For Immediate Release: October 6, 2009
Contact: Chris Macaluso
Advisory Commission Urges Changes in Diversions Operations, Funding of Critical Federal Coastal Restoration Projects at Tuesday Meeting
BATON ROUGE -- The Louisiana Governor's Advisory Commission on Coastal Protection, Restoration and Conservation discussed expediting the design and construction of federally approved coastal restoration projects and making the best use of projects already built at its meeting Tuesday.
The meeting opened with the unanimous adoption of a resolution urging the Corps of Engineers to change the current operating practices for the Davis Pond Diversion in order to maximize freshwater and sediment delivered into the upper Barataria Basin.
Ted Falgout, chair of the Commission's diversions subcommittee and executive director of the Port of Fourchon, introduced the resolution and explained that Davis Pond has been managed by the Corps strictly to control salinity rather than using it at its maximum capacity to deliver freshwater and sediment into the Barataria system.
Davis Pond, which was originally approved for construction by Congress in 1965 but not built by the Corps until 2002, can move as much as 10,650 cubic feet of water per second from the Mississippi River into Lake Cataouatchie in St. Charles Parish. But, the Corps has operated it at an average of only 2500 cubic feet per second since 2003, according to the resolution.
"The focus for the Corps has been the ponding area that holds the water when it first comes out the diversion or on the salinity levels instead of worrying about the marshes in the Barataria Basin that the project could be benefiting," Falgout said. "This is a crisis situation and we have lost too much land in this area in the last four years not to be taking full advantage of the resources available if we operate the diversion at capacity."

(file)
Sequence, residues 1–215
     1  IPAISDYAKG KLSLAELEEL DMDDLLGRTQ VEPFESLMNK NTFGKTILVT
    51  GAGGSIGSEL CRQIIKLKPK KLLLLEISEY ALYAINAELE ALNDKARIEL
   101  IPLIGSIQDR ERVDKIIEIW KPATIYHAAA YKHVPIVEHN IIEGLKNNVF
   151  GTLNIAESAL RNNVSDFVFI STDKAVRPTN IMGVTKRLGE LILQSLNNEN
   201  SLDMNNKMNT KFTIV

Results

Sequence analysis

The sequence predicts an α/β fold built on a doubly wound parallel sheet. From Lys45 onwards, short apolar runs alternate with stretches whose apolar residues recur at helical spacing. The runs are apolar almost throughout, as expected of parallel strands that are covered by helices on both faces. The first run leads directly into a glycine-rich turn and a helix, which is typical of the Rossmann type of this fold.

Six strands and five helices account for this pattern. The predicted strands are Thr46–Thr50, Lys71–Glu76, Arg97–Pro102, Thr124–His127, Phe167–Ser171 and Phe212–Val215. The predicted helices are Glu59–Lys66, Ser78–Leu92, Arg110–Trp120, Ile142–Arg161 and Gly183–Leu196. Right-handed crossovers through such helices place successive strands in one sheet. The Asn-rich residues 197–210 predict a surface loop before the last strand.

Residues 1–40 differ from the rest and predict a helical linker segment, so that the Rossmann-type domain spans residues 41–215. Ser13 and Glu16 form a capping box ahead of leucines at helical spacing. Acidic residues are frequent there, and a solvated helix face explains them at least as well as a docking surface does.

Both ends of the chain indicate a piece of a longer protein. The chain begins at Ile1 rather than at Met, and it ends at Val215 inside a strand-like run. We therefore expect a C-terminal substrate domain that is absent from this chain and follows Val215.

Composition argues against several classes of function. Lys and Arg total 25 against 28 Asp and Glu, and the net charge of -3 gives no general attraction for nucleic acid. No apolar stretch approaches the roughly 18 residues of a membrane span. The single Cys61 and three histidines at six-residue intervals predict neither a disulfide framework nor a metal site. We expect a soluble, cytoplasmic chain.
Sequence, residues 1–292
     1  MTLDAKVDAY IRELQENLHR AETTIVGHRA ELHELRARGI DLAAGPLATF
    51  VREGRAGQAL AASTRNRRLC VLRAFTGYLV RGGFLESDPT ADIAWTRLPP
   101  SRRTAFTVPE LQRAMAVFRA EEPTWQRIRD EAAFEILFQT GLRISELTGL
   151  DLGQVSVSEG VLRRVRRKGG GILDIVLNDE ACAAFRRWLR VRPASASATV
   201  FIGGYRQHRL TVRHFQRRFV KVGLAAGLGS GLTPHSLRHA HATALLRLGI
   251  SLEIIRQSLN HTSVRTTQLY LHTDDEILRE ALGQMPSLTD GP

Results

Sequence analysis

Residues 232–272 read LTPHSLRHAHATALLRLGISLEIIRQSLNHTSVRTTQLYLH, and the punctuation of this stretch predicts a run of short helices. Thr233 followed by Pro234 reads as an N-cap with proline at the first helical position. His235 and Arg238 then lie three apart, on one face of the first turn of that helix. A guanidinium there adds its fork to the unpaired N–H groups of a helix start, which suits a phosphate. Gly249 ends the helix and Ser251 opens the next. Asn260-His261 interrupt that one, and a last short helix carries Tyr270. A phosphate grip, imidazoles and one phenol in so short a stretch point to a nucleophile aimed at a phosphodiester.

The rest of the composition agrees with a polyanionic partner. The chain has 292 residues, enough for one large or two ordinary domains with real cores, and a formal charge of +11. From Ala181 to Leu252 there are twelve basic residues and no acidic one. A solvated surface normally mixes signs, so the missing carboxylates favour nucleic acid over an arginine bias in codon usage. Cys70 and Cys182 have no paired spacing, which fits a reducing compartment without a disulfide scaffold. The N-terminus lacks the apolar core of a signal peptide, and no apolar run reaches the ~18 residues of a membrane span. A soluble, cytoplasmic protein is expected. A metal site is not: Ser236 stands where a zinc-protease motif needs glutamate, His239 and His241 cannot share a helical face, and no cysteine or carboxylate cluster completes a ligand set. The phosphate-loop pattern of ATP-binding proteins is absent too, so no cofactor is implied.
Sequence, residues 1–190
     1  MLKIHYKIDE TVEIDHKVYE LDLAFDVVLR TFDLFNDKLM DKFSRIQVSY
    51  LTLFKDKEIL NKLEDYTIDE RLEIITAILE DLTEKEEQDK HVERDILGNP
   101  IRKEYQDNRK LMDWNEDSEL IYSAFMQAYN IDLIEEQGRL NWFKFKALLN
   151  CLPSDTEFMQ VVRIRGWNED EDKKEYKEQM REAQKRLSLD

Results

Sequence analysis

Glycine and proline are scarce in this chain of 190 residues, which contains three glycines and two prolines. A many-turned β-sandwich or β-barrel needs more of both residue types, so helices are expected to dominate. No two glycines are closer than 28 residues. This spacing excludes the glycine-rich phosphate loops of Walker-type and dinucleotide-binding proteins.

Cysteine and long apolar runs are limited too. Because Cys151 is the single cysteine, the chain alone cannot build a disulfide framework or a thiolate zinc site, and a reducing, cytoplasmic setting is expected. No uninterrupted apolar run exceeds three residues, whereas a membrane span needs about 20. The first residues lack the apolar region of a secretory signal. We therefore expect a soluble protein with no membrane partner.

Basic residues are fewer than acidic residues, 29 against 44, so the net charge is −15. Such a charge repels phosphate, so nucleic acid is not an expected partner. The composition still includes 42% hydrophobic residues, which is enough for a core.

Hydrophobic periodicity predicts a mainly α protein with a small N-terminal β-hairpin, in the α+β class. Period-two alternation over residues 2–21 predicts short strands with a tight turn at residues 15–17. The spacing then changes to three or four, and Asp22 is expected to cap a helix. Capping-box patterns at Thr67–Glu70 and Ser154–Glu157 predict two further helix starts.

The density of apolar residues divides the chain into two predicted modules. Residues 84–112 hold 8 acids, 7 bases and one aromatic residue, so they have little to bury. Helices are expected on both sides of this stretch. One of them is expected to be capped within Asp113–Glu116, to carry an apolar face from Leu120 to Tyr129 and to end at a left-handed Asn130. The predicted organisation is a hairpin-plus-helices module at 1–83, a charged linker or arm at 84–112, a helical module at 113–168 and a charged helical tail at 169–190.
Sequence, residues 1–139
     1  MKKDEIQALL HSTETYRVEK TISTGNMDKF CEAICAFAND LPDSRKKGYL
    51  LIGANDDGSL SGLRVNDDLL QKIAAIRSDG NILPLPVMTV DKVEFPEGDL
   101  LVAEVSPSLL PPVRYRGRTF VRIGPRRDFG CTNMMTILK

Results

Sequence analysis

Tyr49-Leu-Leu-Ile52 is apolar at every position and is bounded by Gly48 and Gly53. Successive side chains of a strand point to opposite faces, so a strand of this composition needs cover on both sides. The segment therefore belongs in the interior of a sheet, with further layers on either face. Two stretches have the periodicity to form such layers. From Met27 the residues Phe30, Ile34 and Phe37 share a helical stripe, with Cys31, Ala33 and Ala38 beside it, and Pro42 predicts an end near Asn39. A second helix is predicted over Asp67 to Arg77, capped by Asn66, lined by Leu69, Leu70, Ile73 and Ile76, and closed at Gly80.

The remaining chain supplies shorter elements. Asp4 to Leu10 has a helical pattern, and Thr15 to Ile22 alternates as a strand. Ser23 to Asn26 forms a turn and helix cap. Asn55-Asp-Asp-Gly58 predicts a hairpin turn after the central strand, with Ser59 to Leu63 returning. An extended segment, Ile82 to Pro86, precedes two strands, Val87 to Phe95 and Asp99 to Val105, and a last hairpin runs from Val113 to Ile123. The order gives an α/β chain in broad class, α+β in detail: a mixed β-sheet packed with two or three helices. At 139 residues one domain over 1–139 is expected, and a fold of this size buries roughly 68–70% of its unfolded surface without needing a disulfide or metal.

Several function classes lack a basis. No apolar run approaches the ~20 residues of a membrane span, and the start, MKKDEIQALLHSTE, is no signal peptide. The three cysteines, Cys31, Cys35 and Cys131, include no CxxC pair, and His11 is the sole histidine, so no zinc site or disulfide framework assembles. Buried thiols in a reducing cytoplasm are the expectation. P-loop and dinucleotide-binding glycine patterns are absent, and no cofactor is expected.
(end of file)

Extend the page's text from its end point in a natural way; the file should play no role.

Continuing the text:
The resolution concerning Davis pond led the Commission to draft a similar document addressing the Caernarvon Diversion in St. Bernard Parish. Caernarvon, which has been operating since the early1990s, can move nearly 9,000 cubic feet of water per second into marshes southeast of New Orleans. But, like Davis Pond, it has been operated primarily to control salinity rather than deliver nutrients and sediments to build marsh.
Dr. Denise Reed, a wetlands geologist from the University of New Orleans, told the Commission that the diversion has managed to deliver small amounts of sediment to parts of the receiving area despite its operation but it has yet to realize its full restoration potential.
"The state wants the operations of these diversions changed to maximize the capability of both to deliver freshwater and sediments to as much marsh as possible as well as changes made to parts of the receiving area to capture as much sediment as possible to build land," said Kirk Rhinehart, administrator of the planning section with the state's Office of Coastal Protection and Restoration.